History of the Transcontinental Railroad and its Facts

America's first steam locomotive made its debut in 1830, and over the next two decades railroad path associated many cities on the East Coast. By 1850, some 9,000 miles of track had been place east of the Missouri River. During that same period, the first colonist began to move westward across the United States; this trend augmented radically after the detection of gold in California in 1849. The overland journey--across mountains, plains, rivers and deserts--was risky and difficult, and many westward immigrant instead chose to travel by sea, attractive the six-month route around Cape Horn at the tip of South America, or jeopardy yellow fever and other sickness by crossing the Isthmus of Panama and traveling via ship to San Francisco.

In 1845, the New York entrepreneur Asa Whitney existing a resolution in Congress proposes the federal funding of a railroad that would stretch to the Pacific. Lobbying labors over the next several years failed due to growing sectionalism in Congress, but the idea linger a potent one. In 1860, a young engineer named Theodore Judah recognized the notorious Donner Pass in northern California (where a group of westward emigrants had become trapped in 1846)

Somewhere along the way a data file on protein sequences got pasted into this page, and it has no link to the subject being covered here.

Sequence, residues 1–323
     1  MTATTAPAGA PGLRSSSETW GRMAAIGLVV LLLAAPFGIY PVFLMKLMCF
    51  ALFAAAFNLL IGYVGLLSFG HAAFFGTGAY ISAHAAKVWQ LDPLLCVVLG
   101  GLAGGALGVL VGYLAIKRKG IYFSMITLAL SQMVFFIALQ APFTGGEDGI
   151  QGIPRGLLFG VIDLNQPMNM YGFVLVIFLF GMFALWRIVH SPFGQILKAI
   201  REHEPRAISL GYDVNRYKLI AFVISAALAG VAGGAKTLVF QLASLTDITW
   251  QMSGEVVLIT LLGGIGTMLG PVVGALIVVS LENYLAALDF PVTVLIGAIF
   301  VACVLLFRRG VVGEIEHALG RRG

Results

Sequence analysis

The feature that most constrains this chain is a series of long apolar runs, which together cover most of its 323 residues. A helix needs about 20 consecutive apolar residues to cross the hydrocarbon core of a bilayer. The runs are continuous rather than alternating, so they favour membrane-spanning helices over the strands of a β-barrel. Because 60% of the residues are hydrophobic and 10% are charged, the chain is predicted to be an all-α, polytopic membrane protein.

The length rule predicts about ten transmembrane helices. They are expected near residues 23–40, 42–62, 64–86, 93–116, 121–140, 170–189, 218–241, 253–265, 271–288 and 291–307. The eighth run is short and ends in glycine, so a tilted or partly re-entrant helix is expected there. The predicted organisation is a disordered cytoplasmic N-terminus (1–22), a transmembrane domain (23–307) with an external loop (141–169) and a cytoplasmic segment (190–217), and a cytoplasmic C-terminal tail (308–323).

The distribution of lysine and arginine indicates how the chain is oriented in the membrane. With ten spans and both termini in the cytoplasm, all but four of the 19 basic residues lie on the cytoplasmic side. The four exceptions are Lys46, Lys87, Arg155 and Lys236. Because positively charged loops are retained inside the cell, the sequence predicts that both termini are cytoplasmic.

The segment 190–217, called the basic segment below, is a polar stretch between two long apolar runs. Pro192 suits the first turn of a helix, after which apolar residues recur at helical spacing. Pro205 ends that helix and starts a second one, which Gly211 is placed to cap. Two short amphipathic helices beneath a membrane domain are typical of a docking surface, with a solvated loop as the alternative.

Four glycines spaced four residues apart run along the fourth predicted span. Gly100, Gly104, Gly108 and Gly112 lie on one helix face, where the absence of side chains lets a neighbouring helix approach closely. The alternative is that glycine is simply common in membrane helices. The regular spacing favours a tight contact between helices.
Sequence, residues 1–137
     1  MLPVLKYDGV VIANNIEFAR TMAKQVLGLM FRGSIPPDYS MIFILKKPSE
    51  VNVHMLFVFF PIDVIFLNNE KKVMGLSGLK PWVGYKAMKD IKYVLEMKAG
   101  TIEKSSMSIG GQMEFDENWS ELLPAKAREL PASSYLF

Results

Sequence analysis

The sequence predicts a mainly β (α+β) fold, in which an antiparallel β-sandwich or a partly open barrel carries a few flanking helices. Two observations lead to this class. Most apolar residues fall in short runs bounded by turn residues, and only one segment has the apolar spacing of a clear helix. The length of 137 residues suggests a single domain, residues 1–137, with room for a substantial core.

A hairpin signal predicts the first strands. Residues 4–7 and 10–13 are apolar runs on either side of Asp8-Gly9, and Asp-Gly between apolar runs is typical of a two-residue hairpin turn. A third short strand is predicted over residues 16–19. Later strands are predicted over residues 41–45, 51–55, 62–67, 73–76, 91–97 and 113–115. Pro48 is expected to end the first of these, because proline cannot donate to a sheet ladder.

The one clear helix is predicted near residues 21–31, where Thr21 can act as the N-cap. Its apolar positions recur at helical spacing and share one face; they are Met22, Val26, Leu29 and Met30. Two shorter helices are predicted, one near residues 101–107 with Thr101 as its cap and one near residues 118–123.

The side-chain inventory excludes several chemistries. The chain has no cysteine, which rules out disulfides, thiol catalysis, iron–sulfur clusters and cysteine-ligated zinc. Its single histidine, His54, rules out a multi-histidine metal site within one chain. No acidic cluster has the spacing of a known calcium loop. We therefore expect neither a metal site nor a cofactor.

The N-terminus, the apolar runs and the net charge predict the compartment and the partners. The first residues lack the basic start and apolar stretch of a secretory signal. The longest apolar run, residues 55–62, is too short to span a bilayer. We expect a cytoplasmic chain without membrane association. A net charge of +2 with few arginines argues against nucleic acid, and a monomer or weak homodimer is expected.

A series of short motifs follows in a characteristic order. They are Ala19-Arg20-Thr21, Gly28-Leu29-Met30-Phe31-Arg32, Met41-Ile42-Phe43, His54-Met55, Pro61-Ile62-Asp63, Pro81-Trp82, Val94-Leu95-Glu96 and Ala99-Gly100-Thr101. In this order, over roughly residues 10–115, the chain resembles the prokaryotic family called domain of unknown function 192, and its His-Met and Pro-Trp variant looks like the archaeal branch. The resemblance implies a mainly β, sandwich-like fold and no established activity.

as an ideal place for build a railroad through the dreadful Sierra Nevada Mountains.By 1861, Judah had enrolled a group of investors in Sacramento to form the Central Pacific Railroad Company. He then beginning to Washington, where he was able to tempt congressional leaders as well as President Abraham Lincoln, who indication the Pacific Railroad Act into law the following year.

By the terms of the bill, the Central Pacific Railroad Company would start structure in Sacramento and maintain east across the Sierra Nevada, while a second company, the Union Pacific Railroad, would construct westward from the Missouri River, near the Idaho-Nebraska border.

The two lines of track would convene in the middle (the bill did not designate an exact location) and each company would obtain 6,400 acres of land (later doubled to 12,800) and $48,000 in government union for each mile of track built. From the opening, then, the building of the transcontinental railroad was set up in terms of an opposition between the two companies.

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